Dear Christopher Cat
We found a litter of very sick kittens. They were vomiting and had diarrhea, and they wouldn’t eat. All but two died.
The veterinarian diagnosed panleukopenia. What can you tell me about this disease?
Panleukopenia is a common and very contagious virus, so I am vaccinated against it.
Also called feline distemper, panleukopenia causes a profound deficiency (-penia) of the cat’s white blood cells (leuko-), which are necessary to fight infection.
The highest incidence is in kittens three to five months old. Ferrets and raccoons are also susceptible.
Clinical signs include those you observed, as well as fever and dehydration. Kittens infected prior to birth may be stillborn or have permanent eye or brain damage.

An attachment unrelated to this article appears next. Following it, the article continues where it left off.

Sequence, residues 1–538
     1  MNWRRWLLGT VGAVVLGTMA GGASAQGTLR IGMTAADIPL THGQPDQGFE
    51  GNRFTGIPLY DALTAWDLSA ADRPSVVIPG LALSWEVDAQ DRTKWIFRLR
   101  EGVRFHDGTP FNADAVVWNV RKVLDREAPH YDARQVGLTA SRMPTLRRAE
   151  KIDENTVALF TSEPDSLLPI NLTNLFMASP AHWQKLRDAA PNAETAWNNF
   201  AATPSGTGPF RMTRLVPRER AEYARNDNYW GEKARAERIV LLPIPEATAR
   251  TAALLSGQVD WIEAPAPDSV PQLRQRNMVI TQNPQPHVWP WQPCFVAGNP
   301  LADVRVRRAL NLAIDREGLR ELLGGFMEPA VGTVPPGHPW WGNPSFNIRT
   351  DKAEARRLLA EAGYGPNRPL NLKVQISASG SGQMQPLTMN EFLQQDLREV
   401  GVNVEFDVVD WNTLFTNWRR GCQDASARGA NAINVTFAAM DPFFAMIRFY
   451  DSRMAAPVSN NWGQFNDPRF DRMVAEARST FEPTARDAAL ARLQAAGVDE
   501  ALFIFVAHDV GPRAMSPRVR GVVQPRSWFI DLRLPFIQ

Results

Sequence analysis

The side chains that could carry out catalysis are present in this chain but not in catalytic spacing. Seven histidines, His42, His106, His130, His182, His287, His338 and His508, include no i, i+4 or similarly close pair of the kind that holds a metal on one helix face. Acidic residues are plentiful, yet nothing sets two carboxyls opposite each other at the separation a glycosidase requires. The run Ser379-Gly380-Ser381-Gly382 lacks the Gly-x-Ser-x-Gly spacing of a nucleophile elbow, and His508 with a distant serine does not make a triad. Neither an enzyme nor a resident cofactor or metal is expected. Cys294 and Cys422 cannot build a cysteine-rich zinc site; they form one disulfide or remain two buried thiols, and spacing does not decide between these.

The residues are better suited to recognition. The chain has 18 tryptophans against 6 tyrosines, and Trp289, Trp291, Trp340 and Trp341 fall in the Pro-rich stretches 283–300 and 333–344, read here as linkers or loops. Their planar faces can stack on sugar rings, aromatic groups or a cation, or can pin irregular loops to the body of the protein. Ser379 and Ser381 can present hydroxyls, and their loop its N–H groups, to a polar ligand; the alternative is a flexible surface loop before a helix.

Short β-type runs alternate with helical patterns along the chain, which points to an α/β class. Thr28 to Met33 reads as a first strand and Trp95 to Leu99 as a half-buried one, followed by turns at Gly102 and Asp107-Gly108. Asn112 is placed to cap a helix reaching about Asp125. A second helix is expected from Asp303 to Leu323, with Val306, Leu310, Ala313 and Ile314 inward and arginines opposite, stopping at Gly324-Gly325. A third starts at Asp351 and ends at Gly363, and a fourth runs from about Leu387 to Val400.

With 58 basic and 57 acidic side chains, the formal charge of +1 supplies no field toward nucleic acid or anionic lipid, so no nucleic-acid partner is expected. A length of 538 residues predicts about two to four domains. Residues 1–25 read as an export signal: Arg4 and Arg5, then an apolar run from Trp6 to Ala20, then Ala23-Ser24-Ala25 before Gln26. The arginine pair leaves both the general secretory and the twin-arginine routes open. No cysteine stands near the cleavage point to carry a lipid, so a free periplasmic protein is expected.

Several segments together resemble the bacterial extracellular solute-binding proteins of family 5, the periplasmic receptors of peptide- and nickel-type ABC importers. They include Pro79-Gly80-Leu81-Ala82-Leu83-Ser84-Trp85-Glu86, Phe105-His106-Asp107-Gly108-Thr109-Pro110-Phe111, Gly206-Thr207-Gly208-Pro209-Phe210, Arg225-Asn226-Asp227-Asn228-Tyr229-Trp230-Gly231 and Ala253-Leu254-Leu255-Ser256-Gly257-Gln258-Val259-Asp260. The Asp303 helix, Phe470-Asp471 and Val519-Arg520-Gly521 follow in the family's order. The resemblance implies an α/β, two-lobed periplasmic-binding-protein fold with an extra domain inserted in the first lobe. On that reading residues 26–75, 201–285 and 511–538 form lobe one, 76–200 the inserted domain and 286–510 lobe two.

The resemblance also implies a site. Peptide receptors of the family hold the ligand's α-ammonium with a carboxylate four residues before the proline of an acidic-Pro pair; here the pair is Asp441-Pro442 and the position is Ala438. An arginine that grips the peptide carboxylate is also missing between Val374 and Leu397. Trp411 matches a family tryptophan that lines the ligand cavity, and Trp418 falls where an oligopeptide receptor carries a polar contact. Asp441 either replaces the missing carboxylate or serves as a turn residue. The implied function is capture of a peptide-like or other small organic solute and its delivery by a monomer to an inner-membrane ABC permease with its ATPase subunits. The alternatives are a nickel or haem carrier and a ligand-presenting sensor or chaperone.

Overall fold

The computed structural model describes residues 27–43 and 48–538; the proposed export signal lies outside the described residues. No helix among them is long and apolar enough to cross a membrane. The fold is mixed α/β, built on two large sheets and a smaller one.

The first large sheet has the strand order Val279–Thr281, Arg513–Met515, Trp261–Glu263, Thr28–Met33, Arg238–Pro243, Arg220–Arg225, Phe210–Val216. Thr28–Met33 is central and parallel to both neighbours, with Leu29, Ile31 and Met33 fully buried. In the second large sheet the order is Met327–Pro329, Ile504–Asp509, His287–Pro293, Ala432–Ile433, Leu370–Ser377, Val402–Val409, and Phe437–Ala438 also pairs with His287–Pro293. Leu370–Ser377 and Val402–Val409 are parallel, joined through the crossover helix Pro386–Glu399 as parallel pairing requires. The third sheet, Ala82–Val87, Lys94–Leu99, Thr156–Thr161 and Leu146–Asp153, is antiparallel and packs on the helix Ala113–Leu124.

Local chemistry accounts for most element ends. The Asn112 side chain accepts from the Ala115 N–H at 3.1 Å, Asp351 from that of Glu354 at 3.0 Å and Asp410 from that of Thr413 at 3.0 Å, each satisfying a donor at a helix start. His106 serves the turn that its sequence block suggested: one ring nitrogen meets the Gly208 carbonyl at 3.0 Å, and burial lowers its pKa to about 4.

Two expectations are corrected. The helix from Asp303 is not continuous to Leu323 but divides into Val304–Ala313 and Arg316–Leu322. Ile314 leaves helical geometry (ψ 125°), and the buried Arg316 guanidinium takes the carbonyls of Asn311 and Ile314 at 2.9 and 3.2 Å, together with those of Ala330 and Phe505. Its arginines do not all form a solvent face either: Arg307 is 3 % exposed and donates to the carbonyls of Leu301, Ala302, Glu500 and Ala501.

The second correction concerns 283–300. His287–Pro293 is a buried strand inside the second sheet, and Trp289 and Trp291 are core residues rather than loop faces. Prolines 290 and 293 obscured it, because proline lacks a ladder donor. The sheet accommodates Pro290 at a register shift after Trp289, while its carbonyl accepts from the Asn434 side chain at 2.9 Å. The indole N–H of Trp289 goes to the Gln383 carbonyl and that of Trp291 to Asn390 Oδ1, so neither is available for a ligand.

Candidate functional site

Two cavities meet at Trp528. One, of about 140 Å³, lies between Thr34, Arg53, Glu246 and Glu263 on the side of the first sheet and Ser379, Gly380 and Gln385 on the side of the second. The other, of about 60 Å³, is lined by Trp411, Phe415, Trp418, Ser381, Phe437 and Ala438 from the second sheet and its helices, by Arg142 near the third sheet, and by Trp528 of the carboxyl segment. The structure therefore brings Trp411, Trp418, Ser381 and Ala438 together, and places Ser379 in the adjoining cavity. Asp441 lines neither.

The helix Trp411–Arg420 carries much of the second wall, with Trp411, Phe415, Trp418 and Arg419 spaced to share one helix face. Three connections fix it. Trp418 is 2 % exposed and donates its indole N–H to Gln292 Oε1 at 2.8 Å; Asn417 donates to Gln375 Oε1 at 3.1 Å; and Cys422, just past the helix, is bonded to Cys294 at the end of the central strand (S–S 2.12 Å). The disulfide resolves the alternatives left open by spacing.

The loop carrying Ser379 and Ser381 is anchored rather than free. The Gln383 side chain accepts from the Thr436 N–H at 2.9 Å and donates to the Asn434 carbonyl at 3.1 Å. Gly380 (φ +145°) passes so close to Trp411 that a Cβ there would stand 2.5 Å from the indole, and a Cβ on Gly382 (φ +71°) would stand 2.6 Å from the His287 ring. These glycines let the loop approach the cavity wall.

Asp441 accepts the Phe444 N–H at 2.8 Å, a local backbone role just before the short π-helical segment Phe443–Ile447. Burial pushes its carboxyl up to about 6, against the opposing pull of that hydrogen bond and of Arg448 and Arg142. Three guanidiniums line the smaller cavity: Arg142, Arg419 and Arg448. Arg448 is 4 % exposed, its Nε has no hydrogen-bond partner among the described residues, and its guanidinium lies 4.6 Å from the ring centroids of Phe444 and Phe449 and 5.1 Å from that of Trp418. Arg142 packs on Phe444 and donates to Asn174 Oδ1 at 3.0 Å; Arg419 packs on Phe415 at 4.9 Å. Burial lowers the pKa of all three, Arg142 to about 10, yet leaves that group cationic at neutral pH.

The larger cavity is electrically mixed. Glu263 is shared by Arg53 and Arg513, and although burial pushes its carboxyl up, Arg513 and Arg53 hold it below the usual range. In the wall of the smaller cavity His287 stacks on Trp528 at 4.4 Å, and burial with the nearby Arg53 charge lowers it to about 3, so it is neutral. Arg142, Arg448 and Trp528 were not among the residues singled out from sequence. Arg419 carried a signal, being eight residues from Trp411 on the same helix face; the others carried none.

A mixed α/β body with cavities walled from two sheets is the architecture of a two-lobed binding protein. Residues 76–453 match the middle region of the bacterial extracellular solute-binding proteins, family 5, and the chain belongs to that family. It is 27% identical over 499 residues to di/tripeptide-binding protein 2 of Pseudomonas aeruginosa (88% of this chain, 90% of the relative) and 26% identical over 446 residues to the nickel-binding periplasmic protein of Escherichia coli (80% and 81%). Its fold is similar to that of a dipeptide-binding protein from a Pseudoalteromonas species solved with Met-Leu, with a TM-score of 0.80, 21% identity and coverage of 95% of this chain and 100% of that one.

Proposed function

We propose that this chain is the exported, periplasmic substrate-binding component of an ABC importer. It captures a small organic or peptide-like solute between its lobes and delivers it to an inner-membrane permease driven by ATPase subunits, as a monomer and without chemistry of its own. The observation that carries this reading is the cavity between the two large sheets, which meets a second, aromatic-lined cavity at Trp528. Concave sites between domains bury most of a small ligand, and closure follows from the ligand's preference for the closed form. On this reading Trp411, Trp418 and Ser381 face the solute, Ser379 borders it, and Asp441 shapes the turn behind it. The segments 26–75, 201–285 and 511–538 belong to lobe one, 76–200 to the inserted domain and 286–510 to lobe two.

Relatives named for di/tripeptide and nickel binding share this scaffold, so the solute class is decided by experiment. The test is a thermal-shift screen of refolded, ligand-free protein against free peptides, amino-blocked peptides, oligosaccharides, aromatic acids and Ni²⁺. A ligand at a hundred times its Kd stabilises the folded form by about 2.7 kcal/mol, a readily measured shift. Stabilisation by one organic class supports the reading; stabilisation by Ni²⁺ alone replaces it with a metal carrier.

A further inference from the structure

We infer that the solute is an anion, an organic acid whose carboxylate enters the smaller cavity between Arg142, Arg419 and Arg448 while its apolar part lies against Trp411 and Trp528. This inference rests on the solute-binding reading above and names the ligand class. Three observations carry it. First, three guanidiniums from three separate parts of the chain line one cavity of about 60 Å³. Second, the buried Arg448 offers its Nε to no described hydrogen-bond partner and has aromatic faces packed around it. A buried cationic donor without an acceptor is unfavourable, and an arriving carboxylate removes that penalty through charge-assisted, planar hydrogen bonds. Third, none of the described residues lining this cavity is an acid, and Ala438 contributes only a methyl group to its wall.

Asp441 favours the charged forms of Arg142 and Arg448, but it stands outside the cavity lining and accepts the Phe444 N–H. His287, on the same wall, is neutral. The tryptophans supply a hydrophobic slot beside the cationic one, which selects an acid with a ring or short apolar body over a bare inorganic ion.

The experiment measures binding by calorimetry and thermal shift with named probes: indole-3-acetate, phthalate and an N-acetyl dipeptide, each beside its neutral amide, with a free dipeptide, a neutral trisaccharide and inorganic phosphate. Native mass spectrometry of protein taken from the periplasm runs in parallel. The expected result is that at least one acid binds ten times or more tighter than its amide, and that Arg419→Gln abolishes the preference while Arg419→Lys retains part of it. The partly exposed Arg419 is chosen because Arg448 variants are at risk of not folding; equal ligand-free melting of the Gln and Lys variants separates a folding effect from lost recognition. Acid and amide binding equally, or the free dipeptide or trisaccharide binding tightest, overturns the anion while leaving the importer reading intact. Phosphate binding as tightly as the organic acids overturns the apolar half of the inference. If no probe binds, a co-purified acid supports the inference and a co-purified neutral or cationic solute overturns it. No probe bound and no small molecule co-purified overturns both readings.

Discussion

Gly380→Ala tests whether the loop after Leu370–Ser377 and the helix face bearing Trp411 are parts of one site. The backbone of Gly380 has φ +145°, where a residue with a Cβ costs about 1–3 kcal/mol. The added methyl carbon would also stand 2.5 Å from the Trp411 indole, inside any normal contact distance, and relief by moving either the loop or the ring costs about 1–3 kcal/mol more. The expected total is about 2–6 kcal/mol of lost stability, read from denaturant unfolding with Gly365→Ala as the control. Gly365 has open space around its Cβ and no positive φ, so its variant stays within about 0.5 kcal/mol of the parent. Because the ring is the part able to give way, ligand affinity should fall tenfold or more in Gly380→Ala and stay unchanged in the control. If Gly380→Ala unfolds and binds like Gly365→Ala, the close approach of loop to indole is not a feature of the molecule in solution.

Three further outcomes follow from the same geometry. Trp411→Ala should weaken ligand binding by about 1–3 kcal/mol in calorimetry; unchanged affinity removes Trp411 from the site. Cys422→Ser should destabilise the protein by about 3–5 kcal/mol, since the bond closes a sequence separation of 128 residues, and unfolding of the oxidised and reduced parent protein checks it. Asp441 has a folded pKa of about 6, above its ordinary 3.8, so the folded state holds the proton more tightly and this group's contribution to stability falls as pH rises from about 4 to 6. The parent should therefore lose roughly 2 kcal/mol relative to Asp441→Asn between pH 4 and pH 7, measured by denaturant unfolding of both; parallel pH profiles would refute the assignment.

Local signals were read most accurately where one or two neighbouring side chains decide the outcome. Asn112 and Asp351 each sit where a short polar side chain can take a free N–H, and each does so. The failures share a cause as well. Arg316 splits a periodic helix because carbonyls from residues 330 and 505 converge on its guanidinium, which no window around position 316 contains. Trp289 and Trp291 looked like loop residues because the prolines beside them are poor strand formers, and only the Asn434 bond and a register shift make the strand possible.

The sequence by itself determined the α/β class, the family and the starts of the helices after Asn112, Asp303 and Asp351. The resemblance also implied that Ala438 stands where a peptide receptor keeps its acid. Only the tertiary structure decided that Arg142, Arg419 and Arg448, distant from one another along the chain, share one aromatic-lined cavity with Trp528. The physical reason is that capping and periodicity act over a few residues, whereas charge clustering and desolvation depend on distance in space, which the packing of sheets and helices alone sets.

Unfortunately, your kittens’ suffering was typical: mortality is 50 to 90 percent.
Infected cats who survive continue to shed the virus in saliva, vomit, urine and feces for up to six weeks after recovery.
Moreover, the virus remains viable in the environment for more than a year. Bleach is about the only disinfectant that kills it.
Fortunately, the disease is much less common now that most cats are vaccinated. Panleukopenia is the “P” in FVRCP, the abbreviation for the feline distemper combination vaccine.